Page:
Serious students of history can still take in hours of a documentary series such as the BBC’s epic 26-part The World at War, which featured interviews with historians, participants and veterans and was narrated by Sir Laurence Olivier. For others it was the war that wouldn’t end – and unfortunately today many documentary filmmakers still follow that same tradition of mixing real footage with talking head experts to bring history to life.
In the era of video games and action movies such efforts could kill any interest in history. Fortunately this is where the YouTube channel Simple History fills a void in teaching history. It features animated videos that make events from the past engaging and more importantly, entertaining.
The channel, which was created by Dan Turner, grew out of his Simple History books back in September 2013.
“We used to draw comic strip timelines to bring historical events to life in school classes and I found it a novel way to cement the history into my mind,” said Turner, whose parents were very much into history, and even militaria and military antiques.
His father was a re-enactor and took the family to military history shows, museums and of course the family watched a lot of those movies and documentaries. While Turner studied history at the University College London, he also learned how to edit and make short films at the same film society that director Christopher Nolan, the director of 2017’s Dunkirk, learned the filmmaking ropes.
“It was around then that the idea for the channel was being formed,” added Turner. “My idea was to get more people interested in history, through the charming medium of animation.”
Turner said that he came up with the idea to use animation because it was such a powerful way to bring history alive in people’s imaginations – not to mention the fact that many moments from before the First World War weren’t documented on film, while events from before the middle of the 19th century weren’t even captured in photographs.
“I am a visual learner and have an interest in both art and history, so I found that combining these two made a good way to learn about history,” Turner explained.
“From my days in school and university years ago I remember it being difficult for my fellow students to get the image of what an event looked like,” he noted. “You can read about ‘soldiers in this and that battle’ and a ‘leader making this law’ but it’s more engaging seeing it visualized.”
While some larger budget productions have used re-enactments to create short sequences, and more recently CGI has come to be used – Turner went another direction with cartoon-style animations.
“Utilizing the medium of animation can make the story telling more engaging, and the viewers tell us how they love the new animation or details on uniforms and weapons,” he added. “The further back we go, going beyond the invention of photography, gives us less visual sources to go off. In school textbooks you often get a sea of black and white text with the odd photo or etching.”
For today’s younger generation, those who see epic films created with the aforementioned CGI, black and white photos simply aren’t engaging enough.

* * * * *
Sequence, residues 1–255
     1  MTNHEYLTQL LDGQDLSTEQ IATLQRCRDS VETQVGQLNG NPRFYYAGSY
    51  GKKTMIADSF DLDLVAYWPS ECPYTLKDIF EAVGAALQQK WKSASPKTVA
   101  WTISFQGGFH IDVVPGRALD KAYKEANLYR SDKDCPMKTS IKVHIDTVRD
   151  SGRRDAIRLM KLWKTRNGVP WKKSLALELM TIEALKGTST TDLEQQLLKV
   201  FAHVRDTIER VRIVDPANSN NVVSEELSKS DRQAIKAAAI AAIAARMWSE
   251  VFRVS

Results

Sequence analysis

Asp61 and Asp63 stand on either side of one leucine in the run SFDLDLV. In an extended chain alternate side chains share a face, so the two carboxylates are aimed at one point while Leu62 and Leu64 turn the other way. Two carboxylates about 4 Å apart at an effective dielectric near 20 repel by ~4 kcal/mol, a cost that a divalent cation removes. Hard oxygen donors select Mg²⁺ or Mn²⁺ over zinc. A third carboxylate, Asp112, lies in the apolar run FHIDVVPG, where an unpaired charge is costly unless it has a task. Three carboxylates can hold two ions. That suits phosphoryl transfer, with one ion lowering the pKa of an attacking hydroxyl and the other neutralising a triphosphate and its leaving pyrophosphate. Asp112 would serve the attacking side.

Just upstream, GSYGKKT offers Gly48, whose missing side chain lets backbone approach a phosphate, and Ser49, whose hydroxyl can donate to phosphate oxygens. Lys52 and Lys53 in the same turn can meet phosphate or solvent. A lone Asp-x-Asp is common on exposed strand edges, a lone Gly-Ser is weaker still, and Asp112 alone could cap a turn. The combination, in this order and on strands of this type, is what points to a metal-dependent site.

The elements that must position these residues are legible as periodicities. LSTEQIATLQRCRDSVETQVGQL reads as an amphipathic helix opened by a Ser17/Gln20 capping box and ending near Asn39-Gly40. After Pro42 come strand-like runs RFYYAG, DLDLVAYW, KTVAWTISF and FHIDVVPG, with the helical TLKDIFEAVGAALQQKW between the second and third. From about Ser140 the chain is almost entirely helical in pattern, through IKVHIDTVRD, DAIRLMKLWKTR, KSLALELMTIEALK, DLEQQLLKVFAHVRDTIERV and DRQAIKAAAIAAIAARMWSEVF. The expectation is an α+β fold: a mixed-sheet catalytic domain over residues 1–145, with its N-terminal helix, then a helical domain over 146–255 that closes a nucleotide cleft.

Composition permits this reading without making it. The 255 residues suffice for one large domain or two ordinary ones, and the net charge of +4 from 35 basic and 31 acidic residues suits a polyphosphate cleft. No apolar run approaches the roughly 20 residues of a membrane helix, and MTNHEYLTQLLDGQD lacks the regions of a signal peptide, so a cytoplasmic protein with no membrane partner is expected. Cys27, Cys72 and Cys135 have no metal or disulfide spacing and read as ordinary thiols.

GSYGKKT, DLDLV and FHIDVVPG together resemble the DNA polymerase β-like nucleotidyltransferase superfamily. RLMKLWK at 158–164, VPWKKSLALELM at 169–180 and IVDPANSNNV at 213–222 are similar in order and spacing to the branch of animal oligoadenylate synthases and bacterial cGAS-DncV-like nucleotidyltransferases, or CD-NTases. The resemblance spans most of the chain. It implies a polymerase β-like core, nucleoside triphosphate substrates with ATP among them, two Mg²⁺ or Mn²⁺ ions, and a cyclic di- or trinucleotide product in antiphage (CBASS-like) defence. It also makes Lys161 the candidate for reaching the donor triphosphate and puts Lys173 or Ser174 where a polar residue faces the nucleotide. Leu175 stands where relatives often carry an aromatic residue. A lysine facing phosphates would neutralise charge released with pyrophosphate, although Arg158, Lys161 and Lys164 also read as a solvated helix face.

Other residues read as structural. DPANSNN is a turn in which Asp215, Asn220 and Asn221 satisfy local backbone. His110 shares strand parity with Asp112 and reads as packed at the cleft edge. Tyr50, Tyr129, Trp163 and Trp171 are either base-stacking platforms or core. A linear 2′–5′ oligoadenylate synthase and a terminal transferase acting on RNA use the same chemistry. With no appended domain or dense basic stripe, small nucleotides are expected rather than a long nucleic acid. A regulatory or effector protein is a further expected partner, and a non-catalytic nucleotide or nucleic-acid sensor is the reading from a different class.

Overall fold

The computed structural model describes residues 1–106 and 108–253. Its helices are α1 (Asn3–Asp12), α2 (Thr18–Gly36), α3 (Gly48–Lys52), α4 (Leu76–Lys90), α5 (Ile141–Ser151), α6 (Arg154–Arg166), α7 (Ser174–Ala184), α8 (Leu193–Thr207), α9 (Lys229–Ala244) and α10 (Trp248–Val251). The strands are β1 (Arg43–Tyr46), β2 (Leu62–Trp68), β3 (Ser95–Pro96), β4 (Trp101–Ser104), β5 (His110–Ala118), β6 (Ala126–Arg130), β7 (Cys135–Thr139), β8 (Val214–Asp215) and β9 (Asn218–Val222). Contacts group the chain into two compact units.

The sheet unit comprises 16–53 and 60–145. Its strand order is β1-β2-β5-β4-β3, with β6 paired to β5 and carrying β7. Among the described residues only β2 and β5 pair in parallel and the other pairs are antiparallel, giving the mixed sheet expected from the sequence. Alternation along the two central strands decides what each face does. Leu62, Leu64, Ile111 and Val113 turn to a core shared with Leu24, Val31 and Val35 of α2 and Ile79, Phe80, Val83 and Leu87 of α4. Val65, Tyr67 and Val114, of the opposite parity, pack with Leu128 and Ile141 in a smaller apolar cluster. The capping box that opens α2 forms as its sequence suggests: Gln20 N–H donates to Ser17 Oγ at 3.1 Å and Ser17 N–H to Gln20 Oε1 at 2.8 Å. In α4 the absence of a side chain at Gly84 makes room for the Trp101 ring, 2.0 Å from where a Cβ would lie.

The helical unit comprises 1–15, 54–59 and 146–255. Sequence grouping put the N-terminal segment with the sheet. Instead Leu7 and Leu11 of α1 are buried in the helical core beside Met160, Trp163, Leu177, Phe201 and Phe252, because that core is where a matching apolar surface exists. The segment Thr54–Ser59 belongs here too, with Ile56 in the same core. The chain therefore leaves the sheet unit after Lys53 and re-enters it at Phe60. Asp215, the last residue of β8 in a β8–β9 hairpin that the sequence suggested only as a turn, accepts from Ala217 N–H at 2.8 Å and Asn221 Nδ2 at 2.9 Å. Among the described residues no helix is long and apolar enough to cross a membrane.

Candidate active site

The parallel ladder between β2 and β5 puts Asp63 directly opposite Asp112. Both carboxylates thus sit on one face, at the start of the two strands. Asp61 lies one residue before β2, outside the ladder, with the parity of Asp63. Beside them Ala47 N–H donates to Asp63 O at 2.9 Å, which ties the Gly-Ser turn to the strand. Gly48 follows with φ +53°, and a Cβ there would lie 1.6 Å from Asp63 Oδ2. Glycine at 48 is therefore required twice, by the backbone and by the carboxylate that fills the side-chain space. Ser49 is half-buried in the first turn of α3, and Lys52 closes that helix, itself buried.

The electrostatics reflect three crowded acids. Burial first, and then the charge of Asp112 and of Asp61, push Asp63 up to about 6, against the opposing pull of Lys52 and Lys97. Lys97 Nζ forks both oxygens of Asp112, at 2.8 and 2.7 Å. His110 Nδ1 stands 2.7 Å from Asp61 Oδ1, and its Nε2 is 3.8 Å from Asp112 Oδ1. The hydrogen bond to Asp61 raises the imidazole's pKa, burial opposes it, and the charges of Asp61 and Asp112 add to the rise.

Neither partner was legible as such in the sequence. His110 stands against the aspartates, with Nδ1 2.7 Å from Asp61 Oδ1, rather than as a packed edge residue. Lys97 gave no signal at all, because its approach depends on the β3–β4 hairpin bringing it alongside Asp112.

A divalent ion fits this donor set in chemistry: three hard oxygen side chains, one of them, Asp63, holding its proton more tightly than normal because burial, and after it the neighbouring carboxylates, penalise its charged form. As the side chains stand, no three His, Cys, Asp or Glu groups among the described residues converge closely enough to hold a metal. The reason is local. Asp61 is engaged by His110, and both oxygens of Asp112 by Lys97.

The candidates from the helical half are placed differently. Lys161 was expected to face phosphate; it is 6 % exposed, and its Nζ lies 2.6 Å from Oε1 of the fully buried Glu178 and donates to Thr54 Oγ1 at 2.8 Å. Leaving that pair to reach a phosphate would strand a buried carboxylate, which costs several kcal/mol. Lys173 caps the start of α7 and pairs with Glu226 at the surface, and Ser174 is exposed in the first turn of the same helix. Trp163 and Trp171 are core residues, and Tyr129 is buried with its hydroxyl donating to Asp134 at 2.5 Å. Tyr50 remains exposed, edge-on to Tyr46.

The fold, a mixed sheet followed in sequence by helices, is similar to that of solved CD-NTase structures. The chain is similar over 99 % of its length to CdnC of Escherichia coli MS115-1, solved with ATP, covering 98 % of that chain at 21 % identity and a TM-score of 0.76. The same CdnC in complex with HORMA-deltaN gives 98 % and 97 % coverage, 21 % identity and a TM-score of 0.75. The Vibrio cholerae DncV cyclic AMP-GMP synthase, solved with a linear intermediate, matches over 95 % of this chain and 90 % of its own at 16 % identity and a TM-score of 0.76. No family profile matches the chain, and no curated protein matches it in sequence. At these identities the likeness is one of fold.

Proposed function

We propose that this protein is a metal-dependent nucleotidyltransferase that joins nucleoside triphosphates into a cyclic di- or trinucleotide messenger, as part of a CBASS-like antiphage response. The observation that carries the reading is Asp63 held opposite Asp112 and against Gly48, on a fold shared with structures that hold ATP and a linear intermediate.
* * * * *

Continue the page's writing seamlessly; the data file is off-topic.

“It is difficult sometimes to portray a history topic through more traditional means, because you are either relying on limited amount of archive footage, paintings or photos which may not relate to what you are talking about, with animation and cartoon artwork you can accurately depict an event,” said Turner.
“This may be why I think we get so many viewers and schools saying that their teachers love to show Simple History episodes in their history classes to convey and teach the subject,” Turner noted. “We also get a lot of military personnel around the world telling us they watch the show and some episodes have been used in classes for new recruits.”
What Turner also found when he went from producing books to videos was that even in 2013 no one was really using animation to share history. He decided this could be a good way to create full-on animated episodes on a variety of topics – from weapons to events to historical figures – and cover it in a way that wasn’t being done.
His videos also cover thousands of years of history, something few documentary filmmakers would ever consider attempting.
He worked with professional voice talent including Chris Kane of Vocal forge and Lazlo Beauregard who Turner said brought the scripts to life narrating the topics.
Even with today’s DIY software, producing the segments is still real work, however.
“The video production is an intense progress that takes weeks of planning, research, script writing, recording, drawing of artwork assets and our most unique and difficult aspect – the animation,” said Turner. “People of different talents whether its animation, voice narration and writing come together to create an educational cartoon in a very short amount of time.”
However, with nearly three million subscribers it has become Turner’s full time career, and one he doesn’t plan on giving up any time soon. He admits it was a matter of skill and luck, but one that has proven worthwhile.
“Most YouTubers find it difficult to take the leap but it is worth it,” he added. “Learning history is for everyone!”